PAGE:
Formation of medical student professional identity: categorizing lapses of professionalism, and the learning environment
1 Department of Cellular & Molecular Medicine, Faculty of Medicine, University of Ottawa, 451 Smyth Road, Ottawa, ON K1H 8M5, Canada
2 Professor of Medicine, Director of Professionalism, undergraduate curriculum, Faculty of Medicine, University of Ottawa, Division of Geriatrics, The Ottawa Hospital, Affiliate Investigator, Ottawa Hospital Research Institute (OHRI), Ottawa, Canada
BMC Medical Education 2014, 14:139 doi:10.1186/1472-6920-14-139Published: 9 July 2014
Acquiring the values of medical professionalism has become a critical issue in medical education. The purpose of this study was to identify lapses in professionalism witnessed by medical students during their four year MD curriculum, and to categorize, from the students’ perspective, who was responsible and the settings in which these occurred.
An electronic survey, developed by faculty and medical students, was sent to all students with two email reminders. It included quantitative responses and some open-ended opportunities for comments. All analyses were performed with SAS version 9.1.
The response rate was 45.6% (255 of 559 students) for all four years of the medical school curriculum. Thirty six percent of students had witnessed or been part of an exemplary demonstration of professionalism; 64% responded that they had witnessed a lapse of professionalism. At the pre-clerkship level, the most frequent lapses involved students: arrogance (42.2%), impairment (24.2%), followed by cultural or religious insensitivity (20.5%). At the clerkship level of training, where students are exposed to real clinical situations, the lapses involved primarily faculty (including preceptor and clinician) or other staff; these included arrogance (55.3%), breach of confidentiality (28.3%), and cultural or religious insensitivity (26.6%); impairment involved mostly students (25.5%). These findings are analyzed from the perspective of role modeling by faculty and in the context of the learning environment.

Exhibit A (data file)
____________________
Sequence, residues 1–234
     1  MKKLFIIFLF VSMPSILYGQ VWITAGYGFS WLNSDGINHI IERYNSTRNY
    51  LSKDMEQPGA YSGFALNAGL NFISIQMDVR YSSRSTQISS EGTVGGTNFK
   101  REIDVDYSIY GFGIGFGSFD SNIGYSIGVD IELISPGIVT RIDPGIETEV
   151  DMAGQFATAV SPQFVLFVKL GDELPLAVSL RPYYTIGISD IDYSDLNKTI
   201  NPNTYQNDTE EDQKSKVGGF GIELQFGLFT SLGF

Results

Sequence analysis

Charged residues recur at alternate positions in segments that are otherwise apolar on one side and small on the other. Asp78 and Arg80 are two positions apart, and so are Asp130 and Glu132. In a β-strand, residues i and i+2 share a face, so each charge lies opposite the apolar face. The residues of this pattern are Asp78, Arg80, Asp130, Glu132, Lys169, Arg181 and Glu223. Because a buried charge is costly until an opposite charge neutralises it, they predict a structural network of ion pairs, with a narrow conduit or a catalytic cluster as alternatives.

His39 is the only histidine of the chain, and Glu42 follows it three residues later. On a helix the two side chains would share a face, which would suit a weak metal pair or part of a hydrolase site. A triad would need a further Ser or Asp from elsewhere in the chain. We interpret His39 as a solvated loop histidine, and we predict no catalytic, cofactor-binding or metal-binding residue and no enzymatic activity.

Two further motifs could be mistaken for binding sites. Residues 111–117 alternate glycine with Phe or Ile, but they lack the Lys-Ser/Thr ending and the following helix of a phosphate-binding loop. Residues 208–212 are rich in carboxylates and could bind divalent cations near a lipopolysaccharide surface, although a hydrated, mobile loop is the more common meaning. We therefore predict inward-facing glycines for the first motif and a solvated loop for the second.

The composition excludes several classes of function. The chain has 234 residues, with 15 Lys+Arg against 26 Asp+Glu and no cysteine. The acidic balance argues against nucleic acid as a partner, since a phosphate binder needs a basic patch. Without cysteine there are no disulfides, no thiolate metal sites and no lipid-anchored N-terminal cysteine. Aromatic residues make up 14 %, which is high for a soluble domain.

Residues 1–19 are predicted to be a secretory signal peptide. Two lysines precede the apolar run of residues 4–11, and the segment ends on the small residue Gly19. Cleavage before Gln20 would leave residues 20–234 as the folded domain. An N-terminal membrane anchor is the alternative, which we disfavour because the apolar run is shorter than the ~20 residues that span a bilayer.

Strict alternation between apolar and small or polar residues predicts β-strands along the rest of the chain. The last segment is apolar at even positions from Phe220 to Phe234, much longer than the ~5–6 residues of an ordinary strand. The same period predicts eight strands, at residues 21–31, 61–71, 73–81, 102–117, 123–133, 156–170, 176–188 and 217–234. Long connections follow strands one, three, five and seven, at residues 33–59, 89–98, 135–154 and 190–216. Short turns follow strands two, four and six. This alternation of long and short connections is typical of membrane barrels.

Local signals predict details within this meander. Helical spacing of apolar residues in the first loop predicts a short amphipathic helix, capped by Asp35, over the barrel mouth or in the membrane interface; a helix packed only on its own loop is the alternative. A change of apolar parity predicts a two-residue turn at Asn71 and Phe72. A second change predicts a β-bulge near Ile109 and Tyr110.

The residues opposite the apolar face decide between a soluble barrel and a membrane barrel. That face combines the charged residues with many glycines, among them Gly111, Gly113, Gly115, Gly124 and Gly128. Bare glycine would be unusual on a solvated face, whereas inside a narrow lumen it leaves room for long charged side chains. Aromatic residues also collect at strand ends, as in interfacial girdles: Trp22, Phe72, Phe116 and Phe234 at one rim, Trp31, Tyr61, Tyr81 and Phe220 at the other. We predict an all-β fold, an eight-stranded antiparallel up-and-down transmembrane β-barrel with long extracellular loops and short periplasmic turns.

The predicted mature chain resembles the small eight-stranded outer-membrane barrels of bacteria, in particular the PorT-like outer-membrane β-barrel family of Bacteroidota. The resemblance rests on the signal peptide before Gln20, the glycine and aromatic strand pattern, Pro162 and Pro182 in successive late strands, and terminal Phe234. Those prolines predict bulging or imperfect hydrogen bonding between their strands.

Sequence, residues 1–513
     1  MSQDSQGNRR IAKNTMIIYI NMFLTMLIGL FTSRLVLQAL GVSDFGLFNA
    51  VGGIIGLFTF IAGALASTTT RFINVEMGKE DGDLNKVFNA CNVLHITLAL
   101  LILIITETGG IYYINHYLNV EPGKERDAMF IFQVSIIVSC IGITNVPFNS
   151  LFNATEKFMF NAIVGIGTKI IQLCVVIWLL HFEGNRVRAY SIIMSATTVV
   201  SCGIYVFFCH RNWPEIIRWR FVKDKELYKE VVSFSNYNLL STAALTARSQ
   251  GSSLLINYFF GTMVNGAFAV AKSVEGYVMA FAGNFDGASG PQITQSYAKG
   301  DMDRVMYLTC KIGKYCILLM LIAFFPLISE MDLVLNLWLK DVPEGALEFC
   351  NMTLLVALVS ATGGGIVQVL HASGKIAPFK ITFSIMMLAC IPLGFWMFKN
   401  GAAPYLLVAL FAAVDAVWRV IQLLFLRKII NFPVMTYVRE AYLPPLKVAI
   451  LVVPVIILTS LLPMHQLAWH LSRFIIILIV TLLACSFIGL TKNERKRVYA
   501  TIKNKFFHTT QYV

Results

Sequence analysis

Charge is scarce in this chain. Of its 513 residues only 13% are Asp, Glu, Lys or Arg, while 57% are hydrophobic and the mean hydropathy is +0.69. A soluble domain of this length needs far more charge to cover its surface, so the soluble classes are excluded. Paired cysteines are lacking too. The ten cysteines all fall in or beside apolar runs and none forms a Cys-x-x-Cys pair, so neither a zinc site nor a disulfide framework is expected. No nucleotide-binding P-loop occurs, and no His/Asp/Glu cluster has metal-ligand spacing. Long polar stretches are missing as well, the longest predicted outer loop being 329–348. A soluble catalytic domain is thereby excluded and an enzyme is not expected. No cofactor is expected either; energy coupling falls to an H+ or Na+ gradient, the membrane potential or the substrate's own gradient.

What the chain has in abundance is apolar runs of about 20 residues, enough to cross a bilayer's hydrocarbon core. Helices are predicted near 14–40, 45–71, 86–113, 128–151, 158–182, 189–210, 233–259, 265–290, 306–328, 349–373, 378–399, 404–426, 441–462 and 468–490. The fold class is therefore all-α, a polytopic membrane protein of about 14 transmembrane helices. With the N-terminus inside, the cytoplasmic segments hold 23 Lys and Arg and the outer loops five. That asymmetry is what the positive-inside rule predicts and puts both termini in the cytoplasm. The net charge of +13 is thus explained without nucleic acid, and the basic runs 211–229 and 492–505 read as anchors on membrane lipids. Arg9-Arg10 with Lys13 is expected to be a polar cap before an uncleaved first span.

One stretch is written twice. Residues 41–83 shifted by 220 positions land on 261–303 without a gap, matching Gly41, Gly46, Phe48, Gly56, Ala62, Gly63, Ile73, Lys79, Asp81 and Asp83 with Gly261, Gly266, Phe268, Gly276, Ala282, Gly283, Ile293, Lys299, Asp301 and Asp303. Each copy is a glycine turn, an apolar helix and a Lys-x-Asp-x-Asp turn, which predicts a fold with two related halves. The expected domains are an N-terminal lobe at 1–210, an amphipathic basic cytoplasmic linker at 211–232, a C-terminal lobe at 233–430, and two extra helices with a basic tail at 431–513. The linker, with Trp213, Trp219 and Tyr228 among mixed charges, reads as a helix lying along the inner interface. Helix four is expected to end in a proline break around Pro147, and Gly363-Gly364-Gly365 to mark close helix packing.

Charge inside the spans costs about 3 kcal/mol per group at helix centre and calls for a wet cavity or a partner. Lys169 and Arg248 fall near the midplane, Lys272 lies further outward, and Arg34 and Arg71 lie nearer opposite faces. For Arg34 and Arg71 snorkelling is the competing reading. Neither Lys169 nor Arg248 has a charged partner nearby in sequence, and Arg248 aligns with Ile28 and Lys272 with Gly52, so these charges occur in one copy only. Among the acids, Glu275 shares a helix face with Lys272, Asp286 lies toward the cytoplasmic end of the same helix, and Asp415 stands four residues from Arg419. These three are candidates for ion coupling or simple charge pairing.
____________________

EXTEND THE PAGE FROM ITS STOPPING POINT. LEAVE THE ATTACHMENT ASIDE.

Medical students witnessed a lapse of professionalism involving both fellow students as well as faculty and administrative staff, in several domains. Results from this study emphasize the importance of role modeling and the need for faculty development, to improve the learning environment. This study adds to the limited emerging literature on the forces that influence medical student professional identity formation.